“…I do so hope that you will find a way to finish off that statement that ‘George Bell cannot be proven guilty’ with the corresponding conclusion, ‘therefore he must be considered entirely innocent'”
Former Archbishop of Canterbury George Carey to the Bishop of Chichester Martin Warner – at the end of a Letter dated March 13 2019.
“Was this not the process that created the Bishop George Bell debacle? The Church of England leadership will still not follow the plain and increasingly irritated advice of its independent investigator Lord Carlile, who said: “The Church should now accept that my recommendations should be accepted in full, and that after due process, however delayed, George Bell should be declared by the Church to be innocent of the allegations made against him….
“If witnesses accounts and denials of knowledge (if appropriate) are not captured in a timely way, may not their reputations be placed “under a cloud” of complicity in the cover-up by some future archbishop without evidence, just as Justin Welby has tainted the memory of Bishop George Bell? Justice requires due process to victims and those under suspicion alike. We are woefully failing many in this case”
“The church in trying to preserve its reputation has all but lost it. Kicking allegations ‘into the long grass’ and then throwing long dead Bishops ‘under the bus’ has all added to the loss of credibility of the church and its hierarchy…“
“The only ‘significant cloud’ existing in the Bishop Bell case is the one inside, and over, the head of Archbishop Welby. If heads are not seen to apologise, they must be seen to roll”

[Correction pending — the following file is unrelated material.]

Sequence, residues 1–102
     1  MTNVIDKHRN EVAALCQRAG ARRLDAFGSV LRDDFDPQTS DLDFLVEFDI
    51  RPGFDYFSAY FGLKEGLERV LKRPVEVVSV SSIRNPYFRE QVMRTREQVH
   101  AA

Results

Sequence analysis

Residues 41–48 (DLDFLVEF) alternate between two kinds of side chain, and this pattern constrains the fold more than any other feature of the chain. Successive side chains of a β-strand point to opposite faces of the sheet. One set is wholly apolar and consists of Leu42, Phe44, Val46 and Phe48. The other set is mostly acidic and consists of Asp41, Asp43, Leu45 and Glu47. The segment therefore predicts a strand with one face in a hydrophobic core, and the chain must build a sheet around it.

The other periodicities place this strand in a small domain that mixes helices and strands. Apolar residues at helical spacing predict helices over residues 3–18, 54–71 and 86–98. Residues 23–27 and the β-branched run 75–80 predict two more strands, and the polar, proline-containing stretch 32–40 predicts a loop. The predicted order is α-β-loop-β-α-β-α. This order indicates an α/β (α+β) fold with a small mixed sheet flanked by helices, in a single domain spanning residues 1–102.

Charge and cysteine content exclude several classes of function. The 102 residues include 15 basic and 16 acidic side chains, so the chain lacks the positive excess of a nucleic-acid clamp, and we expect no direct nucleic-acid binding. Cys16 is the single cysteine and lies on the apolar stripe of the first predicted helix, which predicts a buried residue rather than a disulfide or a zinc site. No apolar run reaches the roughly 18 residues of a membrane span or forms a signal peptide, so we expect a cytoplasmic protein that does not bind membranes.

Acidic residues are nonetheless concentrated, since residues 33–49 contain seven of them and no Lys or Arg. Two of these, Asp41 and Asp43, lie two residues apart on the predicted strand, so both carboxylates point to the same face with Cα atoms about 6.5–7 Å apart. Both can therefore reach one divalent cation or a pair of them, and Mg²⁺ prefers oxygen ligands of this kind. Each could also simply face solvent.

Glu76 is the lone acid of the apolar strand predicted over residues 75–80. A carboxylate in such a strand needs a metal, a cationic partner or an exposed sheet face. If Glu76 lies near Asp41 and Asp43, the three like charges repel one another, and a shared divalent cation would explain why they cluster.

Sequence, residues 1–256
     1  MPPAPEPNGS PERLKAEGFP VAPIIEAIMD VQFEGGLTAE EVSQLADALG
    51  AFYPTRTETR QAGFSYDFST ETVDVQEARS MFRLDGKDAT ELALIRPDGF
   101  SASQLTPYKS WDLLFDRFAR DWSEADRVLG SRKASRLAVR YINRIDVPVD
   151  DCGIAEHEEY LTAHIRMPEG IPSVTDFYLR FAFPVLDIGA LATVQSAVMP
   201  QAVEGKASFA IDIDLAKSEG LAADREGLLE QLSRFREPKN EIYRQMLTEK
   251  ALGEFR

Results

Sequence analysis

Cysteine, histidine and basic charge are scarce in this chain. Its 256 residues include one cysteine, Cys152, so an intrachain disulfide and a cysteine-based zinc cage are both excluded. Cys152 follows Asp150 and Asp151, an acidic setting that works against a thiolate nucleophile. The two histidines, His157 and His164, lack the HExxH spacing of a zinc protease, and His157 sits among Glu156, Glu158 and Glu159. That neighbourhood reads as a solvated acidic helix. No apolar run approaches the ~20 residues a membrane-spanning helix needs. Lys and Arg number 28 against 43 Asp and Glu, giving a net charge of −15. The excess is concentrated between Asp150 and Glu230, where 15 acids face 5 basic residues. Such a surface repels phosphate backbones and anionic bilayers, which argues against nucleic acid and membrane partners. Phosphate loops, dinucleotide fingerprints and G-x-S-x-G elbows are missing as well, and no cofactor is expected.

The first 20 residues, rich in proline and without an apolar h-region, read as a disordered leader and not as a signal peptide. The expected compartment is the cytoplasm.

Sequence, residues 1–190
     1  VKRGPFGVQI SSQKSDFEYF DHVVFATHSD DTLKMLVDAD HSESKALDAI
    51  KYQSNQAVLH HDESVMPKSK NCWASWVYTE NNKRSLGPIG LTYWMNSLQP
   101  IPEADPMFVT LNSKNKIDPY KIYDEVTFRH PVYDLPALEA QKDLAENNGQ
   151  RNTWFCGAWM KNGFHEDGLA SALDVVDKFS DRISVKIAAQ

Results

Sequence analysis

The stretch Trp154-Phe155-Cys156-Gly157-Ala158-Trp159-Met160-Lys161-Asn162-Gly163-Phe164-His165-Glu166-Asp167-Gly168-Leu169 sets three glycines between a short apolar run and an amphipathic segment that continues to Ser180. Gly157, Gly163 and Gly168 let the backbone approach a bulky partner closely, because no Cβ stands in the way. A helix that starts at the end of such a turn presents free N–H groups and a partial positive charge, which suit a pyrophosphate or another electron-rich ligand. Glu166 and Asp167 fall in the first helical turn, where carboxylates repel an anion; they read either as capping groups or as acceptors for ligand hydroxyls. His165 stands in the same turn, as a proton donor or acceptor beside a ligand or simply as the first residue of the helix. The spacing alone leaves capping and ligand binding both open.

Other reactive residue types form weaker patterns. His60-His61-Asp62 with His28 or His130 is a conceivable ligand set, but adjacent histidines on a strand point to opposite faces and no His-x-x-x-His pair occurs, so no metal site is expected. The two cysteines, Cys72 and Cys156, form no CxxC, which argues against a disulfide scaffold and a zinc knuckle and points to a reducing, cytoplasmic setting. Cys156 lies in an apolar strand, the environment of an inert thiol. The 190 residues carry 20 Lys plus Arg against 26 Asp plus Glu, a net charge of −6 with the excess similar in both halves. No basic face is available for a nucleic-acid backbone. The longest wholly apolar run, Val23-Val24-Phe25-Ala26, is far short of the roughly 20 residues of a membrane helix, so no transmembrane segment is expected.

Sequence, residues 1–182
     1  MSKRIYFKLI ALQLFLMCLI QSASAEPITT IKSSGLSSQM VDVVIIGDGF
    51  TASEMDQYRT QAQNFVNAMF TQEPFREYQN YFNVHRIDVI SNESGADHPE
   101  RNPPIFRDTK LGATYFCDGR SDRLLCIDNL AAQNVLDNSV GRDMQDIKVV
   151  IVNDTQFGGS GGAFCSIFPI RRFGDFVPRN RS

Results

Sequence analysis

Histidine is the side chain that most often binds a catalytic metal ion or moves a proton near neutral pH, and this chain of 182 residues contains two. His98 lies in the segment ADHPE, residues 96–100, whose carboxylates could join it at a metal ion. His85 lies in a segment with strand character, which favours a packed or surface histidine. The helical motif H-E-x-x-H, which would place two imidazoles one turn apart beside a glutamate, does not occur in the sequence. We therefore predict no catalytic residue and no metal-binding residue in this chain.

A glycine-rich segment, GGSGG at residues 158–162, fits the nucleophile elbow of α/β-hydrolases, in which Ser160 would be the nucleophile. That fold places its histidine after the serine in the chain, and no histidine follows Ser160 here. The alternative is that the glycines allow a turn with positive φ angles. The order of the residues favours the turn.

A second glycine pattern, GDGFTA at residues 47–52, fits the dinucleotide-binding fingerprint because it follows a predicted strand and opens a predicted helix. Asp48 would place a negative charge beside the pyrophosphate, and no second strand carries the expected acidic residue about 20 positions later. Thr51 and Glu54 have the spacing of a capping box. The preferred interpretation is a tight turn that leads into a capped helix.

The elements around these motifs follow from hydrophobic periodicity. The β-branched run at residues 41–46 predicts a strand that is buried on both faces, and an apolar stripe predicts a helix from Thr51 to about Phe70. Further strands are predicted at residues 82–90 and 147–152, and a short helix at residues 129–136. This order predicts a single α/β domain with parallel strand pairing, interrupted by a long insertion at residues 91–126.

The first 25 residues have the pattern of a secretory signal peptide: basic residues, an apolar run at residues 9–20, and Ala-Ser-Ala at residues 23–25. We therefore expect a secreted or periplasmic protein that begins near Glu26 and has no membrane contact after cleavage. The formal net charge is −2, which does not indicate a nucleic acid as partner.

Richard W. Symonds
George Bell ‘should not have been named’ in Church’s settlement of sex abuse allegation
08 FEBRUARY 2019
A confidentiality clause should have governed the payment made to “Carol”, the Bishop of Chichester, Dr Martin Warner, has said
The house at 4 Canon Lane, Chichester, once called Bishop Bell House
THE blackening of George Bell’s name would not have happened had there been a confidentiality clause governing the payment made to “Carol”, who accused him of sexual abuse, the Bishop of Chichester, Dr Martin Warner, said on Monday.
Dr Warner was addressing supporters of Bishop Bell at the Rebuilding Bridges conference, held at 4 Canon Lane, Chichester, to which supporters wish to see the name “George Bell House” restored.
The naming was up to the Dean and Chapter, the Bishop reiterated (News, 1 February), but he indicated that the cathedral should make more of the Sisters of the Cross, who had donated the house.
“I don’t think simply renaming it ‘George Bell House’ will just do the job. We cannot rewrite history, but we must do better.”
More generally, he suggested that the Church of England must “speak of the achievements, the good things that Bishop Bell did” to restore his reputation. It was “report that makes a person famous for their good deeds. . . So, it seems that for us in the diocese and the Church of England at large, it is important that we are able to speak of the achievements, the good things that Bishop Bell did.”
This had been done on “a number of occasions”, he said, one of which had been his address at a commemoration of the Reformation, in Coburg in 2017. “I believe history will tell the good deeds of Bishop Bell, and I believe they will stand the test of time.”